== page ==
How to Use an HSA for Retirement
If you have a high-deductible health insurance plan, you are probably familiar with your Health Savings Account (HSA). But did you know you can also use these tax-advantaged accounts to benefit your retirement?
Let’s dive in to what you need to know – and how you can maximize your benefits.
What’s an HSA?
Having an HSA account goes hand in hand with having a high-deductible health insurance plan. These policies have – you guessed it – higher deductible limits, which means you could be on the line for higher out-of-pocket expenses.
For 2019, the definition of a high-deductible plan is:
- Annual deductible not less than $1,350 for individual coverage, or $2,700 for family
- Annual out-of-pocket limit of $6,750 for individual coverage, or $13,500 for family
Your HSA is intended to help you offset those potential costs by providing tax-advantaged savings for health expenses.
How do they work?
Essentially, HSAs operate much like Traditional IRAs. You can:
- Contribute to your account on a pre-tax basis, meaning you won’t pay income taxes on those funds
- Invest your funds (though you’re not required to)
- Take tax-free distributions for qualifying medical expenses, meaning that any growth put towards medical expenses is tax-free
Also, much like an IRA, you can choose your own provider, meaning you can shop around for an HSA with the lowest fees or your preferred investment options. Your health insurance provider might suggest a specific one, but you’re not obligated to stick with it.
What are the limitations?
HSAs can be a powerful savings tool, but they do have certain limits.
First, you cannot contribute to an HSA once you’re on Medicare, and there’s a limit to how much you can put away in your HSA each year.
For 2019, HSA contribution limits are:
|Under age 55
|Over age 55
Also, keep in mind that there are risks to getting a high-deductible health plan, even if you supplement it with an HSA. Namely, the deductible: it’s important to plan around the possibility that your out-of-pocket expenses will be high, and to have access to necessary funds in case of emergency.
If this isn’t something you can reasonably do, it might make sense to consider plans with lower deductibles, even if this raises your monthly premium. For more help, we strongly recommend consulting with your Human Resources department at work or seeking out qualified advice.
What does this have to do with retirement?
If you have the cash on hand to pay for your out-of-pocket expenses using other means, or you simply don’t have much in the way of medical expenses, your HSA can become a nifty retirement savings vehicle.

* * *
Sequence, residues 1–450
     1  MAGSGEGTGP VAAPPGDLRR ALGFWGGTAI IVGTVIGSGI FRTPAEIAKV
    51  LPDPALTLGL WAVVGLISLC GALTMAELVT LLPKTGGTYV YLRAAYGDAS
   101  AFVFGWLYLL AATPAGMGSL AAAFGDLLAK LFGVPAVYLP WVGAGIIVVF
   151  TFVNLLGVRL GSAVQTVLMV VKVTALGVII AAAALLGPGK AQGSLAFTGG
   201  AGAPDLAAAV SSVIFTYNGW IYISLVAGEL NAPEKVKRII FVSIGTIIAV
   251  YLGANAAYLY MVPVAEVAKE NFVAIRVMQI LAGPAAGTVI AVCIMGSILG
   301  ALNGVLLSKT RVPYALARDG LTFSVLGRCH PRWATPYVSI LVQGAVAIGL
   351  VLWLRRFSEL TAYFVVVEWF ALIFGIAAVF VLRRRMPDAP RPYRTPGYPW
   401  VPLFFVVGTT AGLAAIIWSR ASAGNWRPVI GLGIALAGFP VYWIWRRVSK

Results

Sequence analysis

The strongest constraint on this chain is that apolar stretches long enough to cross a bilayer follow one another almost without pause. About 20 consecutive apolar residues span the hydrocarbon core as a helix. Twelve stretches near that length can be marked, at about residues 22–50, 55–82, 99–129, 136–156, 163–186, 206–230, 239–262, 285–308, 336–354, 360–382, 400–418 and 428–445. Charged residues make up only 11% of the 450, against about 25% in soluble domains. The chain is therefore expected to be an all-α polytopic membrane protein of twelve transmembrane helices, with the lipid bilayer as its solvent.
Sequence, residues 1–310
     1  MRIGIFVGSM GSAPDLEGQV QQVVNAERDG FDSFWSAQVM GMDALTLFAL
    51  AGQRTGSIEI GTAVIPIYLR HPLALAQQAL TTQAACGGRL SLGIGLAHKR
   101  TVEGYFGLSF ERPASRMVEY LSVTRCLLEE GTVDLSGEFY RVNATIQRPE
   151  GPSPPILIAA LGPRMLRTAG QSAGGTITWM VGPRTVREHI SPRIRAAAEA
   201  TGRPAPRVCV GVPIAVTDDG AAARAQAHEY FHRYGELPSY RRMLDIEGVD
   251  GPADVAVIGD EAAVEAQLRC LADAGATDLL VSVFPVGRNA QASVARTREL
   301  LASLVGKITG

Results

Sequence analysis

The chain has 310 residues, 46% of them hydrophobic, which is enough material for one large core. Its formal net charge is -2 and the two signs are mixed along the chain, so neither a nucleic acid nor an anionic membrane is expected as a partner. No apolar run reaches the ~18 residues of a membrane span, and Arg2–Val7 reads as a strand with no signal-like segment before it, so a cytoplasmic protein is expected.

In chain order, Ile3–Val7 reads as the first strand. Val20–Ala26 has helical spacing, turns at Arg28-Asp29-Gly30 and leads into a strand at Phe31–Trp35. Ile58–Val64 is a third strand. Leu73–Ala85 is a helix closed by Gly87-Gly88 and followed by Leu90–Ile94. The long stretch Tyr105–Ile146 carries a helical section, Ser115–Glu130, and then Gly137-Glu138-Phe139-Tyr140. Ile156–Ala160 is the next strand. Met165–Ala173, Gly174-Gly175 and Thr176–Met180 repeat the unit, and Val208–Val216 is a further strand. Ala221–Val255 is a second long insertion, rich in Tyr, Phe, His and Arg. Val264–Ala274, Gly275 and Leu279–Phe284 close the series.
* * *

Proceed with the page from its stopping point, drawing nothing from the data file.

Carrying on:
- Find a low-cost, qualified, and reputable HSA provider
- Contribute to your HSA up to the maximum annual limit
- Avoid using these funds for medical expenses (if it’s prudent and appropriate for you)
- Invest conscientiously and avoid excess transactions
- Use your HSA savings to support out-of-pocket medical expenses in retirement
You get the benefit of a tax deduction for contributions today, tax-free growth of the money in your account, and tax-free distributions for qualifying medical expenses in retirement. This is called the “triple tax advantage,” and it can be a powerful way to boost your savings.
This can also make sense on another level: even if you’re healthy today, it’s entirely likely that your healthcare spending will rise in retirement. With a supplementary pool of tax-advantaged funds at your disposal, you can potentially reduce some of the stress that healthcare tends to bring to retirement planning.
Another critical bonus? If you’re over 65 and need access to funds, you can make HSA withdrawals for non-medical expenses. In this situation, all distributions will be taxed at your standard income tax rate.
Remember to do your homework
Keep in mind that every situation is different: for some, especially those with higher medical expenses, an HSA can simply help to offset taxes today – no further benefits required. But if you are in good health, don’t need to use much of your HSA to cover medical bills, and invest wisely, there’s a chance for longer-term perks.
It’s also important to run the numbers from an accounting perspective and a basic healthcare needs point of view: in some cases, high-deductible plans simply don’t make sense. In others, using an HSA for long-term savings doesn’t bring as much to the table in terms of tax benefits.
We recommend getting qualified advice on both fronts to help you make the right decision for you and your family.
Looking for other ways to boost your retirement readiness?
If you’re in your 50s and looking to maximize your savings and preparedness for retirement, be sure to check out our free guide to retirement planning in your 50s. It’ll help you identify some of the key risk factors and strategic moves you can make today to help build the retirement of your dreams tomorrow.
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